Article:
Centinela Youth Services (CYS) commends the state of Illinois for landmark legislation, barring police from lying to youth under 18 during interrogations. The first state in the union to ban this practice, Illinois is correctly acknowledging the research on how young brains are particularly susceptible to deceptive interrogation practices, significantly increasing the chances of false confessions. Additionally, the state has added legal protections for restorative justice processes.
“We commend the Illinois Chiefs of Police and Illinois State’s Attorney Association for backing this essential reform to increase integrity in the interrogation process. This is an important step in the right direction, and we call on California to follow Illinois in banning coercive interrogation techniques altogether,” said Jessica Ellis, Executive Director of CYS.
Centinela Youth Services is a leader in juvenile justice reform, serving Los Angeles County. Through community-based restorative justice services, CYS reduces youth crime with services that address both healing and meaningful accountability that includes those harmed by youth crime while protecting young people from the harms of the justice system.
Restorative justice practices help all affected by a detrimental incident decide collectively how to repair harm, build a sense of community, and restore trust. In schools across the United States, restorative justice programs have demonstrated success by reducing suspensions and violence incidents, as well as improving graduation rates of students. Most victims of crime are usually not made whole by a defendant being convicted, but with restorative justice, their healing and repair are enhanced for both defendants and survivors — something the criminal legal system is not capable of doing — by allowing people who have been harmed to hold the people who caused that harm accountable directly.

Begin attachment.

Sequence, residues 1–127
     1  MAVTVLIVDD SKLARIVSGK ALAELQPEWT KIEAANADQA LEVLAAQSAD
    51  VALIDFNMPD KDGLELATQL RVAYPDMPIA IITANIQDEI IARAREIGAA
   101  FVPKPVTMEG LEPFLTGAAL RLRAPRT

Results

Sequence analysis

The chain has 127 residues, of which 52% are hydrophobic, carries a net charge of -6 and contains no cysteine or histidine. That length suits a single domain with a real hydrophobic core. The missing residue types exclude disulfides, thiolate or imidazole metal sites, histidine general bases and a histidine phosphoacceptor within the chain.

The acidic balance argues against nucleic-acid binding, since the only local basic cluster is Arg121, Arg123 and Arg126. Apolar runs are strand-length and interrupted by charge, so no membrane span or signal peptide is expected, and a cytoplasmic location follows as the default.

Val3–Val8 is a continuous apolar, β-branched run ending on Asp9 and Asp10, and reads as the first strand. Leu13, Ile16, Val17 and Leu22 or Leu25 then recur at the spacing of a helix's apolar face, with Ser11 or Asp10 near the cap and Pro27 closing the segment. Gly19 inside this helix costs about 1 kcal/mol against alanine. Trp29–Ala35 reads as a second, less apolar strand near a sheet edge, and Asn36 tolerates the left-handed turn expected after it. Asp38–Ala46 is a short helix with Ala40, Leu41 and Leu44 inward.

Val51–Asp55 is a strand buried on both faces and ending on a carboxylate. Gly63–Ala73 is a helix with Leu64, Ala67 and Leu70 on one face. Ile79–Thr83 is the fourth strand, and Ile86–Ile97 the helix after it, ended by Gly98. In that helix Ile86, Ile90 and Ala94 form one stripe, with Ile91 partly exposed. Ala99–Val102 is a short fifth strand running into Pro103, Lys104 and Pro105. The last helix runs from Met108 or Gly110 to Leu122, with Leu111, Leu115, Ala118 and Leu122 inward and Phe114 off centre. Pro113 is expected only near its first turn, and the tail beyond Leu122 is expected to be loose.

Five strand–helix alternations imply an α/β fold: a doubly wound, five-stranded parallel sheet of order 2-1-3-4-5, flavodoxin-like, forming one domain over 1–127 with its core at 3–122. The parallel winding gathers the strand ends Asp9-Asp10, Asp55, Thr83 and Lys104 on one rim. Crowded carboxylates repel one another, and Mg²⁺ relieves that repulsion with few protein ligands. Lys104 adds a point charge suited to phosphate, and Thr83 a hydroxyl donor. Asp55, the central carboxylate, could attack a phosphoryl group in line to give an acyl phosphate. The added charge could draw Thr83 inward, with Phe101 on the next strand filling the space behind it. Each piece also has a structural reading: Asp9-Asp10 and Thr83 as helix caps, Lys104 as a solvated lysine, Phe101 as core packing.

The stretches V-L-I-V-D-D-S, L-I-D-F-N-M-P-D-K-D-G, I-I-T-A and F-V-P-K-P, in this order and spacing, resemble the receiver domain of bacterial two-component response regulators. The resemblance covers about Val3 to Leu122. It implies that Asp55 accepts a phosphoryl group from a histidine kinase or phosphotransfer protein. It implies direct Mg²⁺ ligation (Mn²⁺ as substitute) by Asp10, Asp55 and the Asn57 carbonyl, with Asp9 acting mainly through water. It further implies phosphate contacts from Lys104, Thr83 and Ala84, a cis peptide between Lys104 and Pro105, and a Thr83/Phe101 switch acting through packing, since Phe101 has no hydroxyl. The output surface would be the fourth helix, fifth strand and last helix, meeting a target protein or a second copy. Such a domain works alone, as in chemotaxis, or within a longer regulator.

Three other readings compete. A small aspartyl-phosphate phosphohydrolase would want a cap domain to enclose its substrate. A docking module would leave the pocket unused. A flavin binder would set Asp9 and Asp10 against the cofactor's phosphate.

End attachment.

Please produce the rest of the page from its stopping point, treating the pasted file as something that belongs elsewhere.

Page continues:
A study conducted at Sam Houston State University in Texas found that youth who completed a restorative justice educational program re-offended 31% of the time, as compared to those put through the juvenile justice court system, who re-offended almost 50% of the time. The results for more comprehensive programs were comparable — community panels had a 24% re-offense rate, indirect mediation came in at 27%, and direct mediation yielded 33%.
“We believe all youth are an integral and important part of our community, so we build our programming with a strong commitment and dedication to those victims and youth who are in greatest need of connection and hope,” said Jessica Ellis. “By offering a combination of restorative programming models, we combine service-based activities, conflict resolution workshops, and high levels of individualized peer and adult support to help youth find their strengths and move out of cycles of incarceration, harm, violence, poverty, and a lack of connection to community and school,” she added.
CYS is recreating what public safety looks like. They are changing the narrative of crime and punishment that communities have been trapped in by addressing harm with responsibility, restoration, and hope. CYS seeks volunteers to help provide community-based restorative justice to individuals and communities that have been hurt — empowering youth, families, and communities through the power of heart-to-heart conversations.